**From New Scientist #1284, 17th December 1981** [link]

I am at *X*, mounted on my velocipede, and thirsty: so I want to reach the river, which runs straight along *BYC*, as soon as I can. I have to keep within three fields on the plan. In each of them I can maintain a steady speed, at 30 mph within *XBYZ* (including the boundary), and at rates which I know (but you don’t yet) in *AXZD* and *ZYCD* (including their boundaries).

If I tell you that there are precisely three different quickest routes from *X* to the river, that should enable you to work out:

(a) my speed in *AXZD*,

(b) my speed in *ZYCD*.

**Note:** In **New Scientist #1294** (with **Enigma 149**) an apology was published stating that this puzzle does not actually have a solution.

[enigma140]

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The apology published in New Scientist #1294 is as follows:

However if we restrict the route to have no more than 2 components I think we can solve the puzzle as the setter intended.

The most direct route, along XB, is entirely in field XBYZ, and is 3 miles at 30 mph (= 2 minutes per mile), so takes 6 minutes.

The shortest route entirely through fields AXZD (at speed

aminutes per mile) and ZYCD (at speedbminutes per mile) is XZ + ZY, and will also take 6 minutes. Hence:So, the remaining six minute route must be to cut across field XBYZ to a point on ZY (E), and then follow the remainder of EY through field ZYCD. This also takes 6 minutes, so:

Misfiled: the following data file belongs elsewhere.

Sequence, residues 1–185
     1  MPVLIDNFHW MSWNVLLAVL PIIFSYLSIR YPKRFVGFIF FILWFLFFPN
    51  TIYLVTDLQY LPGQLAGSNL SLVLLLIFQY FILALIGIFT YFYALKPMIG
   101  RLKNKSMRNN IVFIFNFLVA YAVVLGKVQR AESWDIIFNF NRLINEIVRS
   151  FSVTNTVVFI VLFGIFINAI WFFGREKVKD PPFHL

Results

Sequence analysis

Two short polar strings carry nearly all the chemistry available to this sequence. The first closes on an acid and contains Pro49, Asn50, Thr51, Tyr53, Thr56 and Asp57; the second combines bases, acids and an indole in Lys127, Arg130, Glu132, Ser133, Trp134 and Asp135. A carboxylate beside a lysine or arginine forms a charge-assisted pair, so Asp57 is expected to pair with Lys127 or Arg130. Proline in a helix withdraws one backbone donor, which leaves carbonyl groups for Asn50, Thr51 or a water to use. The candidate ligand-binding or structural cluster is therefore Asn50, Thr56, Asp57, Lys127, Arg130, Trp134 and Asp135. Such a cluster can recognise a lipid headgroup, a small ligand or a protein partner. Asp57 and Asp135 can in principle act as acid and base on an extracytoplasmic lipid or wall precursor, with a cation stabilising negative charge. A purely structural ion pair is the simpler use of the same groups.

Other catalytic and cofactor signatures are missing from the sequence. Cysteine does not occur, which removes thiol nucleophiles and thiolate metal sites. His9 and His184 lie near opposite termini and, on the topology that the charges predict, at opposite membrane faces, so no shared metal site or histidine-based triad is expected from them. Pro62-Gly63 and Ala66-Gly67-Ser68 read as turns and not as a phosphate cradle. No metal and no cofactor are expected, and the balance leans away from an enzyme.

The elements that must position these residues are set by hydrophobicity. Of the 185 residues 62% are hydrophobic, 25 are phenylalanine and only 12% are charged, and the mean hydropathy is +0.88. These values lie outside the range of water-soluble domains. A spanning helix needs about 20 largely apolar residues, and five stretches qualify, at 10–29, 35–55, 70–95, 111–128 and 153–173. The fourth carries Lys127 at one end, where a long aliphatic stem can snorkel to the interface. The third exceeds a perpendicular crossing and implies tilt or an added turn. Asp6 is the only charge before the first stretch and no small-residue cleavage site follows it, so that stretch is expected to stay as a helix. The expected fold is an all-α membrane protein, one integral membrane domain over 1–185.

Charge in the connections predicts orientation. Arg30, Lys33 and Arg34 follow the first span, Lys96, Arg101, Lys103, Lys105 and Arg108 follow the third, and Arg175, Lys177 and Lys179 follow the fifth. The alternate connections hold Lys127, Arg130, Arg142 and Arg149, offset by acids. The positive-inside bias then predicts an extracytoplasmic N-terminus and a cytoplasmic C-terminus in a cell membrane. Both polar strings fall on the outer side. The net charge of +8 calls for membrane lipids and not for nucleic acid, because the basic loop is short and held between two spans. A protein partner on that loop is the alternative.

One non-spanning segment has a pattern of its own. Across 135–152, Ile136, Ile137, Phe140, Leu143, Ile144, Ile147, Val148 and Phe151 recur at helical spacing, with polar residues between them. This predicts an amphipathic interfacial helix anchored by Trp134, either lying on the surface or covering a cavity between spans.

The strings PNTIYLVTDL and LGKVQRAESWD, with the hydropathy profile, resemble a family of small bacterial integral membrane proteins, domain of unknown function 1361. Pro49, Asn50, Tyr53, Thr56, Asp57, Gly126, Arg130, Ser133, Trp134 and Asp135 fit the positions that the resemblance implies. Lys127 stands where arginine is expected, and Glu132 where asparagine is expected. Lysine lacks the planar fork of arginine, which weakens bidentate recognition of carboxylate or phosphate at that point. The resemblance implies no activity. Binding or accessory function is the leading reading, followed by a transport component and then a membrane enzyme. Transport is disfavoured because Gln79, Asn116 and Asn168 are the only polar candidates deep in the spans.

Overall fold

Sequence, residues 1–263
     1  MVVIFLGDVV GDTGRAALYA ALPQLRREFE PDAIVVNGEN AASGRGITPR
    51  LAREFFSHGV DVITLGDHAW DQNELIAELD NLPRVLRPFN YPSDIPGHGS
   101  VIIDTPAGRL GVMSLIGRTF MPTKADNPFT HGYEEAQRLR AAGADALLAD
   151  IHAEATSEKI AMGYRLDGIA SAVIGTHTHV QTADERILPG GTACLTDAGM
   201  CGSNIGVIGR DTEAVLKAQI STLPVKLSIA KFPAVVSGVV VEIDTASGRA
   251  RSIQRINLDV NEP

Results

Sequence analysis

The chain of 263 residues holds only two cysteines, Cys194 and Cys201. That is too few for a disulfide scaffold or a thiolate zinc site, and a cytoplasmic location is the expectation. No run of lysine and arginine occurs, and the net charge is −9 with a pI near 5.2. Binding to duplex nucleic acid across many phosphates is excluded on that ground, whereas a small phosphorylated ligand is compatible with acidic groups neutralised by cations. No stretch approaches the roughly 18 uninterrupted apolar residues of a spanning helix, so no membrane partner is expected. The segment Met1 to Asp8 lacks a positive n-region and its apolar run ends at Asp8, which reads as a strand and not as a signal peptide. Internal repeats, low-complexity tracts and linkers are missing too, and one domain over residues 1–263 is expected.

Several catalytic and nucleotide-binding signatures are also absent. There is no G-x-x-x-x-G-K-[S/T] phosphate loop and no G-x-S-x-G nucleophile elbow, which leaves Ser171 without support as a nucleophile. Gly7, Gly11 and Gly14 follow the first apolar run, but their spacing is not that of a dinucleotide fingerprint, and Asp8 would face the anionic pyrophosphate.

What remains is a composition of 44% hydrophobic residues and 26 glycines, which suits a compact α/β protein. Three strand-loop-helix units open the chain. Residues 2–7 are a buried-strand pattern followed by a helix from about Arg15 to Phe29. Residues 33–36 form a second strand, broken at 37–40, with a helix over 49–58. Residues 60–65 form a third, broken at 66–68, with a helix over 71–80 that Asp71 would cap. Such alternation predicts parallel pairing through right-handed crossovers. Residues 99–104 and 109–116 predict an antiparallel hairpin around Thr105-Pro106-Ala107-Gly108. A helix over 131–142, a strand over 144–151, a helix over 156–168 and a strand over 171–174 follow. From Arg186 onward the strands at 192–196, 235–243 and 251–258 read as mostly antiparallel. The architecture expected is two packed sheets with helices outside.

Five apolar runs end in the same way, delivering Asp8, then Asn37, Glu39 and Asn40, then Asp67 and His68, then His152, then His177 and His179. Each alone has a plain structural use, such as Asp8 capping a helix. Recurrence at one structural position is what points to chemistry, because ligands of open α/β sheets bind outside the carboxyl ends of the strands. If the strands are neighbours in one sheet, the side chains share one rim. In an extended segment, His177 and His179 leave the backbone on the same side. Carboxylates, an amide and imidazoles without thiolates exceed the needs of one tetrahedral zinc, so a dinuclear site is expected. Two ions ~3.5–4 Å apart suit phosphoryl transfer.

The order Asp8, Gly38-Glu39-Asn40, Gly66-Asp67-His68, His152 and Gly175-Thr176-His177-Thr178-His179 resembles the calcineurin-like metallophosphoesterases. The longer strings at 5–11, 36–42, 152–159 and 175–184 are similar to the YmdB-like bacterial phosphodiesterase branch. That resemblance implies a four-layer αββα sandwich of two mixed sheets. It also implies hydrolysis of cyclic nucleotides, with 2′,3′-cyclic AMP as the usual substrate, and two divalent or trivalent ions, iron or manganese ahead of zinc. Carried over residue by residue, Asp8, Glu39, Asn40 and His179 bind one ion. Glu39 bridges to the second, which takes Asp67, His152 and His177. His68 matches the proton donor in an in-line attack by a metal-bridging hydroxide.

squaring both sides:

and rewriting as a quadratic equation in terms of e:

This will have exactly one solution when “b² = 4ac”, i.e.:

substituting for 2a:

So either: b = 2, a = 0 (not possible), or: b = 10/13, a = 24/13, e = 5/6.

Converting from minutes per mile to miles per hour (

xminutes per mile = 60/xmph) we get:a = 32.5 mph, b = 78 mph.

Solution:(a) Your speed in AXZD is 32.5 mph; (b) Your speed in ZYCD is 78 mph.I think your suggested approach is an excellent way to save the enigma. I am concerned however with the wording of the enigma that says the speed is constant within any area “including the boundary.” Then what is the speed at a shared boundary?

I took the view that on a boundary you travel at the fastest speed available from the areas on either side of the boundary. Although I’m really just working backwards from the desired answer to find the conditions that make the puzzle solvable.

Really the western and northern fields are superfluous. My suggested rewording of the puzzle would be to have just the big field, with a hedge or fence along side XZ and a gap at X that gives access to a track immediately to the left of it. That track leads to a tarred road ZY — it has to be surfaced to allow such a high speed. There is no fence along that north side of the field. At 3 miles by 2 it’s more a plain than a field.

Perhaps it’s too much to expect mathematical puzzles to reflect the real world!